2. Water Issue 2. One day I thought I heard something in the laundry room. I asked Kyle and he shrugged it off and made up some explanation. I ended up checking it anyway and noticed a drip/leak. The drip became heavier and heavier rather quickly. Though I did not yet know it, the pipe was designed to do this to warn us about water pressure. I followed the pipe and we tried turning each of the little levers/faucets/I don’t know what to call them. I looked at it and saw that the pipe continued outside into this shed and determined we needed to go in there. I asked Kyle to remove the bricks from the top and I got a flashlight and we began trying things out in there. Eventually, we found one which, when turned, stopped the drip. This whole thing was honestly pretty fun for me because I love problem-solving. Anyway, the problem with this solution was that it made it so we didn’t have water at all. I let the homeowners know about the situation and they guided Kyle through a solution via Skype (changing to a different the water pump).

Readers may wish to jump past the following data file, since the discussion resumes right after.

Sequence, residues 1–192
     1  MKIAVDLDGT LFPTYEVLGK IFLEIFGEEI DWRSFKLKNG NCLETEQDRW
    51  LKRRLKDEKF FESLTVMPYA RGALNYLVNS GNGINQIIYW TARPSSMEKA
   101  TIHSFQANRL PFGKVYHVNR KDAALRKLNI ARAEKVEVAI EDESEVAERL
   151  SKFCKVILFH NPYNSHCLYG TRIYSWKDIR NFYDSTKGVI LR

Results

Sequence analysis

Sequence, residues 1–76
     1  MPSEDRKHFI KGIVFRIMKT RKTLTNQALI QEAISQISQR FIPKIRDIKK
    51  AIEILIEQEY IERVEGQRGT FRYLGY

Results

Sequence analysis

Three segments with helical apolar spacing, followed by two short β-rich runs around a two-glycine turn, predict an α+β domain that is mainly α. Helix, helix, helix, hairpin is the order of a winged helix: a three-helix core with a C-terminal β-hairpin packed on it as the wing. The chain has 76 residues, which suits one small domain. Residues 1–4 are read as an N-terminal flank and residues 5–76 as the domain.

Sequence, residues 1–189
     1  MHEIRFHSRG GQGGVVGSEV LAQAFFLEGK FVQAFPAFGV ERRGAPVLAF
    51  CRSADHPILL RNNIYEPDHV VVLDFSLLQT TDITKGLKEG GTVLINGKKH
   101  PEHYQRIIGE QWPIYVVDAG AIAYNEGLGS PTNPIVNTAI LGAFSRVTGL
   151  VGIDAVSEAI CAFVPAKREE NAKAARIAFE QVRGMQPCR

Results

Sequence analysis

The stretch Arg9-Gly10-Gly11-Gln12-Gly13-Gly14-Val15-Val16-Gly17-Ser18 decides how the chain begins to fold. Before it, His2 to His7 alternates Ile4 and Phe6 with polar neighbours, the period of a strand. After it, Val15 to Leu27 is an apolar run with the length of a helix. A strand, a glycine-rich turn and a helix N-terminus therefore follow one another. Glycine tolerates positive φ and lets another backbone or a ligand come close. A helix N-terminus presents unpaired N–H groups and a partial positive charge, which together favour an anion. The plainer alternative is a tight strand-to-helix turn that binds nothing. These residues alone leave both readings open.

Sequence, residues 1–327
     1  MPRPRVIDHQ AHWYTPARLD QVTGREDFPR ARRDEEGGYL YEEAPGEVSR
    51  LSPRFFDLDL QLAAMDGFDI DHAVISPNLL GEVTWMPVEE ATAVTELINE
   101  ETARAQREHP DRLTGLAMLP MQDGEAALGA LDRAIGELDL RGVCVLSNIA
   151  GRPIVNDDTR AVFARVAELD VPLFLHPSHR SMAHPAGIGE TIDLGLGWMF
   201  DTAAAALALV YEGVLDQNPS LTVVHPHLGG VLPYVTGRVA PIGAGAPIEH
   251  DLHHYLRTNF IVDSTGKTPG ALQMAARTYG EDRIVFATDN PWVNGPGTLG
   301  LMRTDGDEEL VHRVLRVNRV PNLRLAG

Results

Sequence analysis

3. Water Issue 3. Ever since changing to the other pump, the water has been a little more sporadic for us. Some days we have it, some days we don’t. Unfortunately for my dad, it has been out some of his time here. We usually have at least a small amount of water (not enough for a shower, laundry, or dishes) but enough to feed the cats and ourselves. It’s always a happy time when it comes back, though!
4. Implications of water issues. Dirty laundry, dishes, and people. We also worry about the plants. The water-drip system to the garden no longer works due to the lower amount of pressure (just means we water them ourselves, though this is difficult when the water is not working properly).